Over a period of three months in 2016, a small aircraft circled above the same parts of West Baltimore that so recently drew the ire of President Trump. Operated by a company called Persistent Surveillance Systems, the plane was equipped with 12 cameras which, at 8,000 feet, could take in 32 square miles of city in minute detail.
This system is an update of one originally designed for the Air Force, which was used in Iraq to provide aerial intelligence to Marines as they rolled into Fallujah, says Ross McNutt, founder and president of Persistent Surveillance Systems. Only this time, it was being used to catch criminals in the U.S.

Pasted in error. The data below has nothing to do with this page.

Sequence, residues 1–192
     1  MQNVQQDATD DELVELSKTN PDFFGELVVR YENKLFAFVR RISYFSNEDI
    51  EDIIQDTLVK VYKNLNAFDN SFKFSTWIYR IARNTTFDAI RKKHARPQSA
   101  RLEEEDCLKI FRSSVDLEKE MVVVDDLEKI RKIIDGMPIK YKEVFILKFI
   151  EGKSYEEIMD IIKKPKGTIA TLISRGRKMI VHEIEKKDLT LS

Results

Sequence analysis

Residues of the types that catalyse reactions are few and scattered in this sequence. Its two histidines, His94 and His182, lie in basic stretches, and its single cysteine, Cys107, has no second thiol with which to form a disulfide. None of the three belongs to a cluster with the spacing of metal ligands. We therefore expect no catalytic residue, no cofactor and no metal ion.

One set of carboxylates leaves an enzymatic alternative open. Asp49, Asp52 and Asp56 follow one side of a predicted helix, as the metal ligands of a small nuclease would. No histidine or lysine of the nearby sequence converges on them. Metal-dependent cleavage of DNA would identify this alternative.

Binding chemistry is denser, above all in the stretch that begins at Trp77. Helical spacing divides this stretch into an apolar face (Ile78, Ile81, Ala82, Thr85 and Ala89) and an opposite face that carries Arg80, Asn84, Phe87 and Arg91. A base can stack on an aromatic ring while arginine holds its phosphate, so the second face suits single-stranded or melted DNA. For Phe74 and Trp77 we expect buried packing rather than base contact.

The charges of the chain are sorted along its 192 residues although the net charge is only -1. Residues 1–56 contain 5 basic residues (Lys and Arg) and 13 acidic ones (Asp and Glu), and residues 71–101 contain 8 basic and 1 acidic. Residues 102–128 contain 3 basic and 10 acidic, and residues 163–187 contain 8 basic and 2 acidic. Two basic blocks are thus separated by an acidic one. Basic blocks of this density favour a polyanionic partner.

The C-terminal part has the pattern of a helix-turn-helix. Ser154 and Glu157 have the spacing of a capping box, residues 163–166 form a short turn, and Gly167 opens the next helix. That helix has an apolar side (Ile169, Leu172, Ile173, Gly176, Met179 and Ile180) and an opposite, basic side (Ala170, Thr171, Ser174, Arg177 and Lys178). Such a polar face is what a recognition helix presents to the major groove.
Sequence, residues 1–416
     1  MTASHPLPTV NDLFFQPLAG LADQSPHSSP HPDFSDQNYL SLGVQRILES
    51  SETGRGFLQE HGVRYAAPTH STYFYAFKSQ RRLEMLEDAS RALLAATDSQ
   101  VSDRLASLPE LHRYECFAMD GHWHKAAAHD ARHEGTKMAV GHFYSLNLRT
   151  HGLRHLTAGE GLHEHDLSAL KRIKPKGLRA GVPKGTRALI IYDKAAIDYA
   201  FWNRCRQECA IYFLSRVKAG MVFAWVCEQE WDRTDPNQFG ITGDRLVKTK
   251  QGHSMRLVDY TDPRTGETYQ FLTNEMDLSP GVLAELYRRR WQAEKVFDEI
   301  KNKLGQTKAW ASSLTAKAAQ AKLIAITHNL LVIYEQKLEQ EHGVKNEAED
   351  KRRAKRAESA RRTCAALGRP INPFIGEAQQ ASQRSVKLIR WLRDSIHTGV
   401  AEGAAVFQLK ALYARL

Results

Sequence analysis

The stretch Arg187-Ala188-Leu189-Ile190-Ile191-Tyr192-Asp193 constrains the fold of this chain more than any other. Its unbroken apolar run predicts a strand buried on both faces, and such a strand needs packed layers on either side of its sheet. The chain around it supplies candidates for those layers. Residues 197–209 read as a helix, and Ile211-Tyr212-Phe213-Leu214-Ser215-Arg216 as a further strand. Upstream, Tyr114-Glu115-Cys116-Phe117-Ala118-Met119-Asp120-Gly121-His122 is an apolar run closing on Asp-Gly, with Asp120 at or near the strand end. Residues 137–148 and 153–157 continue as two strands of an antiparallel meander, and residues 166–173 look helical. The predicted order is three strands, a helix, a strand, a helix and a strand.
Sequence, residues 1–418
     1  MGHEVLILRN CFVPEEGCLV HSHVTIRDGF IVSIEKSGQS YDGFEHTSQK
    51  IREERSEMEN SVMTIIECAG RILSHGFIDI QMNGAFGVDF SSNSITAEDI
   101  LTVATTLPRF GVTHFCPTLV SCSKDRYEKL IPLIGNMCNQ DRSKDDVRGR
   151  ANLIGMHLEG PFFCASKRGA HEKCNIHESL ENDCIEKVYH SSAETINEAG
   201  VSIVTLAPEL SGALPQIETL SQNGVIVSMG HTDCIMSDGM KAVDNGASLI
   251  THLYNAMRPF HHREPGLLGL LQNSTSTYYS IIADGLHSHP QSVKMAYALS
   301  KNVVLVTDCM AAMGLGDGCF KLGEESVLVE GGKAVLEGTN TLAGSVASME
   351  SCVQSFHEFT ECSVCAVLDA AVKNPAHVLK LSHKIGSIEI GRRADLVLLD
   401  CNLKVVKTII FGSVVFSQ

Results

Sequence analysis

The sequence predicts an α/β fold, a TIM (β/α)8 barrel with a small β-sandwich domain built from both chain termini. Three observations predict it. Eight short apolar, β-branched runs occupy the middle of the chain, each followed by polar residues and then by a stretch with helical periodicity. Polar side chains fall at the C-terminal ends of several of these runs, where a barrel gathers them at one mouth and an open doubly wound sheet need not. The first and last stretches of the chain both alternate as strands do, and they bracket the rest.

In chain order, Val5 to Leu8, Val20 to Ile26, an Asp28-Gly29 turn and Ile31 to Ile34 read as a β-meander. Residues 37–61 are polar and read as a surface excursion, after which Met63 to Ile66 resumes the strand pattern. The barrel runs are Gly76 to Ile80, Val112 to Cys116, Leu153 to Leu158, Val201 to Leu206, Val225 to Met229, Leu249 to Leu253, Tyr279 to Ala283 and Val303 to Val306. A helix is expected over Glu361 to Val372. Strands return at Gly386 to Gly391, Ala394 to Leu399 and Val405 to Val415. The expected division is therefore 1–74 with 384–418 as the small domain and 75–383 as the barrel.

Across 300 hours of flight time, the system captured 23 shootings, five of them fatal. In some instances, detective could use this 192-megapixel gods’-eye view to trace suspects to their getaway cars, then rewind to points when those cars had passed in front of one of the city’s 744 closed-circuit cameras.